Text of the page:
"Mechanism of Inorganic Reactions: Bridge Mechanism in Electrochemical
Oxidation and Reduction of Metal Ions." University of Kansas. Reynold T.
DEFENSE DOCUMENTATION CENTER FOR
SCIENTIFIC AND TECHNICAL INFORMATION CAMERON STATION. ALEXANDRIA, VIRGINIA
DISCLAIMER NOTICE THIS DOCUMENT IS BEST QUALITY PRACTICABLE. THE COPY FURNISHED TO DTIC CONTAINED A SIGNIFICANT NUMBER OF PAGES WHICH DO NOT ..REPRODUCE LEGIBLY.
NOTICE: 1ken government or other dravings, specifications or other data are used for any purpose other than in connection with a definitely related goverment procurement operation, the U. S. Government thereby incurs no responsibility, nor any obligation whatsoever; and the fact that the Government may have formOAted, furnished, or in any way supplied the said drawings, specifications, or other data in not to be regarded by implication or otherwise as in any manner licensing the holder or any other person or corporation, or conveying any rights or permission to manufacture, use or sell any patented invention that my in any way be related thereto.
"Mechanism of Inorganic Reactions:
in Electrochemical Oxidation and Reduction of Metal Ions."
University of Kansas
Reynold T. Iwamoto
Grant No. AFOSR 61-8
Final Report October 1, 1961
Date of Report November 11, 1963
The following report covers the research supported by this grant over the one and a half year period from June 1, 1961 to December 31, 1962. The chief problem in studying ligand effects in redox reactions of metal ions in agueous system is that "only when certain conditions are fulfilled with respect to the substitution lability of the redox partners has it been possible to draw fairly definite conclusions as to the nature of the activated complexes." In order to obtain information fundamental to understanding better the mechanism of inorganic oxidation-reduction reactions, in particular of those involving a bridged activated complex, we have proposed the use of nonaqueous solvents and of an electrode in place of either the oxidant or reductant to study these reactions.
Through such an approach, we hope to simplify greatly the design of
experiments. The attractiveness of utilizing ronaqueous solvents for the proposed electrochemical study is that the desired electron mediator can readily be placed in the coordination sphere of the metal ion by using it, if it is a liquid, as the solvent or by working in an "inert' nonaqueous solvent if it is a solid. There was, however, one serious problem; no simple method was available for comparing the electromotive force series in various solvents. posed electrochemical
Because the pro-
would be of little value unless we were able to
ascertain the magnitude of the liquid-junction potentials included in the potentials obtained, we undertook a careful examination of the problem of evaluating liquidjunction potential.* The results of the investigation are described in Anal.
Chem., UI, 1795 (1961) and Anal. Chem., 3, 867 (1963). At the same time, we began an investigation of various carboxylic acids as electron mediators in inorganic electrochemical oxidation-reduction reactions. Unfortunately, this investigation has taken a back seat to an interesting reaction between copper(II) ion and copper metal in acetic acid that was uncovered in our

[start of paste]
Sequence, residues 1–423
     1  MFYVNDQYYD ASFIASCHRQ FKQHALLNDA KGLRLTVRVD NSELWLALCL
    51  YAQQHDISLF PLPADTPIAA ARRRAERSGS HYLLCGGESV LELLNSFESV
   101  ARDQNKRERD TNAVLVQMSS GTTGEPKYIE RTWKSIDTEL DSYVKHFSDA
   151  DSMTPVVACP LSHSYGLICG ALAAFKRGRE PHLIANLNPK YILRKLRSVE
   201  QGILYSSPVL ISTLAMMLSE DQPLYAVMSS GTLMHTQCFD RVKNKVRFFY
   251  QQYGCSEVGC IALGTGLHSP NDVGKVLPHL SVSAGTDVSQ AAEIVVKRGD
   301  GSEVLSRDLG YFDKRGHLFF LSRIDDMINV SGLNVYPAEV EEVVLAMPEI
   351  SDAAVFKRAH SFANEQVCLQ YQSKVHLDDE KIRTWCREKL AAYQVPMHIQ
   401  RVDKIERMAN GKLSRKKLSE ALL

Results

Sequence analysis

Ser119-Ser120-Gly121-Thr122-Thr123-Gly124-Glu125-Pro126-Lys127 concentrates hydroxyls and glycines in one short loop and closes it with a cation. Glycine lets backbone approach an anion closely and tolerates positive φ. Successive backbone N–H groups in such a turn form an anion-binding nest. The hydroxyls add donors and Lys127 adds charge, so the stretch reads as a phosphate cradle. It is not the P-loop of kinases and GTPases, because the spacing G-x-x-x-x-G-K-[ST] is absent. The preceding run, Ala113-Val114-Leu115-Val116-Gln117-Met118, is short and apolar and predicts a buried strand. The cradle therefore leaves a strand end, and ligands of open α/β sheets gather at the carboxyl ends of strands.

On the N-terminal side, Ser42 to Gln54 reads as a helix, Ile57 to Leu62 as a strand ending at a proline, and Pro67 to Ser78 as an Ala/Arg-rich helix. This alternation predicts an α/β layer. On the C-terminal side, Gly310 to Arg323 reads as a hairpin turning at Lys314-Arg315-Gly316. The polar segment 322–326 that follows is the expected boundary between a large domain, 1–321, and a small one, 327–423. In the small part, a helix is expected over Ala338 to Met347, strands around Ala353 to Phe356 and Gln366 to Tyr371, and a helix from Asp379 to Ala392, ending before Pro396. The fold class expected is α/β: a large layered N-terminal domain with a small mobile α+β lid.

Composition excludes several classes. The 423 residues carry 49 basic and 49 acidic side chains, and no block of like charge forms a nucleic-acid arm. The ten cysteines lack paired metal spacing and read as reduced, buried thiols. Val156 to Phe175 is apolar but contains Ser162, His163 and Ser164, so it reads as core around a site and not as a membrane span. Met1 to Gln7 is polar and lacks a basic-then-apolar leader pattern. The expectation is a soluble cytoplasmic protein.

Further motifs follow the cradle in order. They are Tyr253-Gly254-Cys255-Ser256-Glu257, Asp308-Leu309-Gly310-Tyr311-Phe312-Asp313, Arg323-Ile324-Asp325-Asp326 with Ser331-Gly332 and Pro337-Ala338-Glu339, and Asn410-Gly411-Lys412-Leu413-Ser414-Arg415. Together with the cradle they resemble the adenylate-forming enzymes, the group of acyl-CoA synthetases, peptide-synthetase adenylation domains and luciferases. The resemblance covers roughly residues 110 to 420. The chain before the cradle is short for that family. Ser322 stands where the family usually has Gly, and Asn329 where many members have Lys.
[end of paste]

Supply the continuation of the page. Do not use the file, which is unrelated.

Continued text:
-2study of the electrochemical behavior of copper ions in acetic acid.
copper metal is added to an acetic acid solution of copper(II) perchlorate, the color of the solution changes almost immediately from a pale blue to an intense violet.
Because of the unusual nature of this reaction, we have spent
a considera'ale amount of time studying the reaction and trying to isolate the purple product.
Although we encountered a great deal of difficulty in isolating
the purple species, we were continuously encouraged by the great interest of a number of notable inorganic chemists, such as Professor Taube and Professor Kleinberg, in the reaction.
We finally succeeded this past year in isolating
the purple product, and are now in the midst of characterizing the material. A very interesting feature of the purple species is that it contains a copper(I). ;.and a copper.(I) ion.
Knowledge-of the make-up of the coordination sphere around an ion is indeed °indispensableo in understanding the properties of the ion and the mechanism of the chemical processes which the ion undergoes in a particular medium.
of the polarographic behavior of nickel(II) in acetonitrile in the presence of • clloride, J
Electroanal. Chem., 6, 234 (1963), was our first attempt to obtain
-information on how the make-up of the coordination sphere around an ion influences the behavior of the ion in solution. Because even the most careful purification of an organic solvent leaves a surprisingly appreciable amount of water in the solvent, e.g,, a solvent which
is 99.98% pure, i.e., 0.02% in water, is 0.OlM in water, one of the most important problems with regard to the interpretation of experimental results on studies dealing with the nature and behavior of inorganic ions in nonaqueous media is the
effect of residual water.
Our continued interest in this problem has resulted
in an examination of the formation constants of aquo-copper(II) complexes in acetone. enclosed),
The results of this study have been prepared for publication (preprints
List of Publications: I. V. Nelson and R. T. Iwamoto, Anal. Chem., 33, 1795 (1961). I. V. Nelson and R. T. Iwamoto, Anal. Chew., 35,867 (1963). I. V. Nelson and R. T. Iwamoto, J. Electroanal, Chem., I. V. Nelson and R. T.
6, 234 (1983).
Iwamoto, submitted for publication. (Vrew